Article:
Putin's re-Sovietized Russia.
ITEM: In a March 22 column, Toronto Sun foreign affairs analyst Eric Margolis recalled a 1991 visit to the then-Soviet Union during which he toured the Lubyanka Square headquarters of the KGB secret police and had extensive conversations with the new generation of KGB officers. "A decade later, KGB alumni have assumed total power under former KGB colonel Vladimir Putin," noted Margolis. "Last week's barely contested elections in Russia confirmed Moscow's hard men are now completely in charge of a one-party state. President Vladimir Putin has ruthlessly scattered Russia's feeble democratic forces, brought the media totally under his control, broken the robber barons, and crushed regionalism. He is now an absolute ruler.... KGB hard men [now control] security, information, banking and finance, oil, metals, trucking and foreign trade ... [as well as] major industries and services...."
ITEM: Vladimir Putin "has packed his government with 'men with epaulettes,'" noted a March 5 AP dispatch from Moscow. Under the reign of Putin and his KGB cohorts, known collectively as siloviki, Russia has been "turning back the clock to Soviet times."
ITEM: Putin's rise to power was propelled by a series of terrorist bombings in Russia in September 1999; the attacks were blamed on Chechen terrorist groups connected to al-Qaeda. "The 1999 bombings proved to be Mr. Putin's political making," commented the March 13 London Daily Telegraph. "He positioned himself as a strongman who would crush the Chechen rebels and restore order to the ailing country." However, "a growing body of proof has surfaced that links the bombings ... to the FSB--the revamped KGB. Independent investigators, including several MPs, who have sought to look into the case have been intimidated, arrested or beaten."
ITEM: In its March 22 issue, the liberal journal The New Republic reported that "fear of government repression ... has driven 33,000 Russians to seek political asylum in industrialized countries in the past year." According to the magazine, "The Putin administration's real belief system can be summed up in three letters" : KGB.
AHEAD OF THE CURVE: Nearly a decade ago, THE NEW AMERICAN--in defiance of the conventional wisdom that the Cold War had ended with the self-liquidation of the Soviet ruling elite--devoted an entire issue to documenting the tact that Russia's Communist nomenklatura was still firmly in control of that unfortunate country. Our September 18, 1995 analysis drew extensively from the revelations and warnings offered by Anatoliy Golitsyn, the most important KGB defector to reach the West. Years prior to the advent of Mikhail Gorbachev's "perestroika," Golitsyn warned of a detailed, long-range disinformation campaign by the KGB that would culminate in the emergence of a "reformer" as Soviet ruler, the demolition of the Berlin Wail, and the apparent demise of the Soviet Union itself. Golitsyn also warned that the KGB and its key allies would remain in charge of Russia.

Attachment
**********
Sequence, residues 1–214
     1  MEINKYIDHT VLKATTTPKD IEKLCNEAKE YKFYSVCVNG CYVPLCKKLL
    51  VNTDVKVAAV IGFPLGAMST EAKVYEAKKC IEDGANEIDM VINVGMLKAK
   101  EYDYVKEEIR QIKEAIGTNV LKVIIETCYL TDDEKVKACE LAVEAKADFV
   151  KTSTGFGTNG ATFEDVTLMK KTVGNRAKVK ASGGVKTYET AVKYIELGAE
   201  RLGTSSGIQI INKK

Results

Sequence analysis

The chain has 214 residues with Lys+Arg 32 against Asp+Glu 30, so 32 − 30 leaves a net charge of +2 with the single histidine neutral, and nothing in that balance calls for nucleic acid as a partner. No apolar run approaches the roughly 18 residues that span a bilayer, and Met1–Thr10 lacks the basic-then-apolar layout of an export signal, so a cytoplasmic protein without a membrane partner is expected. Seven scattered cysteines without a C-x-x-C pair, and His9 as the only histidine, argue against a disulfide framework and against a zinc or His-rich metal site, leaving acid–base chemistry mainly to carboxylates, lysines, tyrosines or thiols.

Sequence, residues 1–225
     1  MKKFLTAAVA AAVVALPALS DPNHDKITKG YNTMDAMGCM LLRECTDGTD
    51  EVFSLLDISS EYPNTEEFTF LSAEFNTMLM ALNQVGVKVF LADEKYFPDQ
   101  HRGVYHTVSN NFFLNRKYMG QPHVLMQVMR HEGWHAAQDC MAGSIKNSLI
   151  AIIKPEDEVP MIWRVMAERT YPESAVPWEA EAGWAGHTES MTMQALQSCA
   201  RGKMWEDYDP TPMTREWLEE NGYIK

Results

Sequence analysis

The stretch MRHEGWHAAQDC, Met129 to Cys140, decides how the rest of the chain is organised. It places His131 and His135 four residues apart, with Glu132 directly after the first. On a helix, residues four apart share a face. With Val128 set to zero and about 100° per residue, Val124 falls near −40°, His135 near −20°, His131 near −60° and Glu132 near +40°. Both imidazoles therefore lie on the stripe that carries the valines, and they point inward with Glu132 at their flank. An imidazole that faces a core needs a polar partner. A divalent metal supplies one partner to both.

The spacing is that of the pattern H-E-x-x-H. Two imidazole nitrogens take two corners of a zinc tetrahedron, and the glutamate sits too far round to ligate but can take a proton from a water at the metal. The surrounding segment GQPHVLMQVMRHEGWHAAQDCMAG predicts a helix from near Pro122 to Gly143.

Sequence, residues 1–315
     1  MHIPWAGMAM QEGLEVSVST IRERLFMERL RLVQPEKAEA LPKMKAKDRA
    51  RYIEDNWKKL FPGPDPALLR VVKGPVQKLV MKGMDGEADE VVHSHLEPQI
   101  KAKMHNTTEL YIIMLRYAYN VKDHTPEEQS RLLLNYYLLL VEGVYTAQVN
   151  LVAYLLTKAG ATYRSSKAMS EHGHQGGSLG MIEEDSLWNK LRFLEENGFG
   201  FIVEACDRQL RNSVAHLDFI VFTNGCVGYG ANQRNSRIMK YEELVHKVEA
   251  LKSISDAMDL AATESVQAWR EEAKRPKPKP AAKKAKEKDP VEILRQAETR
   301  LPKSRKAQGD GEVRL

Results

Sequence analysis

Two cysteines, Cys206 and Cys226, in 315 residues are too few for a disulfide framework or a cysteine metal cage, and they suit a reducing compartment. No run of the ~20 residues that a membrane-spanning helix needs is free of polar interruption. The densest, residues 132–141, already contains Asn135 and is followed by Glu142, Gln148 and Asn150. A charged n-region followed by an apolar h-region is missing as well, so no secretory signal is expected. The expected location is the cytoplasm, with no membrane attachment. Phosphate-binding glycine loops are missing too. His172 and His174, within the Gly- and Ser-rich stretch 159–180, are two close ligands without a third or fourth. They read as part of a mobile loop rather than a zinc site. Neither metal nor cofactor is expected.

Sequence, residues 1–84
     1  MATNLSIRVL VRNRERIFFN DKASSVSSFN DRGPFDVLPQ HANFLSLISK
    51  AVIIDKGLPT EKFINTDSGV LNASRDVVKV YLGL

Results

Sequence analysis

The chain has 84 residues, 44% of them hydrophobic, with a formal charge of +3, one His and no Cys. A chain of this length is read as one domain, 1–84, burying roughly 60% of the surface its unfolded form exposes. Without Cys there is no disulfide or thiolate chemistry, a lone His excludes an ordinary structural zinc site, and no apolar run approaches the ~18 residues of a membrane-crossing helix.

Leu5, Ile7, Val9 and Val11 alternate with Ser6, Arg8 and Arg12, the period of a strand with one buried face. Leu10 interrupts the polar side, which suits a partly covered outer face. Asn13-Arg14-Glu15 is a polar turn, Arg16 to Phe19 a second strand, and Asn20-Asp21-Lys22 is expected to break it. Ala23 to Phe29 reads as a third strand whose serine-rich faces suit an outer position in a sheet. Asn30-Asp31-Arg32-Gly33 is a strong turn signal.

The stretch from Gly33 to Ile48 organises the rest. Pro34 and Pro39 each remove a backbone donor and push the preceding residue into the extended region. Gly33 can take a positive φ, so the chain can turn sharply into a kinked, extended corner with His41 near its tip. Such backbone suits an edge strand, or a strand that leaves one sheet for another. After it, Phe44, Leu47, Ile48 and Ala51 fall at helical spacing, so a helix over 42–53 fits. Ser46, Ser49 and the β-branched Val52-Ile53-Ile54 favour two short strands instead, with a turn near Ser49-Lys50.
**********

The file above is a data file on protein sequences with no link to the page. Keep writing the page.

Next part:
On numerous occasions over the past decade, this magazine pointed out that Russian President Boris Yeltsin, described by the New York Times as "a man who did much to free his nation from the stranglehold of Communism," had actually helped the KGB maintain its death grip by appointing KGB veterans as prime ministers. One of them was Sergei Stepashin, who signed a cooperation accord with FBI Director Louis Freeh during a July 4, 1994 meeting in Moscow.
In our September 13, 1999 issue we correctly identified Vladimir Putin, the former head of the KGB (now called the FSB), as "Russia's Next President." The terrorist bombings in Moscow occurred later that same month, shortly after Putin was appointed prime minister. Citing reports in the (relatively) independent Russian press, we noted in our October 25, 1999 issue that the bombings offered Moscow a "Reich stag Fire-style civil emergency to justify the re-imposition of police state measures." A subsequent detailed examination of the incident ("Putin: Prophet or Provocateur?" in our April 8, 2002 issue) laid out compelling evidence that the Moscow terror bombings were indeed the handiwork of the renamed KGB.
Russia's rulers set aside December 20--the anniversary of the KGB's founding--as "National Security Organs Day," a celebration of history's most murderous secret police organization. In our February 14, 2000 issue, we reported that Putin had used the previous December's commemoration to announce that "a group of FSB colleagues dispatched to work undercover in the government has successfully completed its first mission"--an allusion, no doubt, to his own elevation to power. In the same issue we cited the despairing observation of veteran Russian dissident Sergei Grigoryants, who had been arrested many times by the KGB: "The KGB has risen from the ashes and come to power in Russia. It is the logical outcome of the process that has been unfolding for the past decade." In terms of who visibly wields power, Grigoryants is correct. But behind the scenes, the Communist nomenklatura never lost control.
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|Title Annotation:||Ahead Of The Curve|
|Author:||Grigg, William Norman|
|Publication:||The New American|
|Date:||May 3, 2004|
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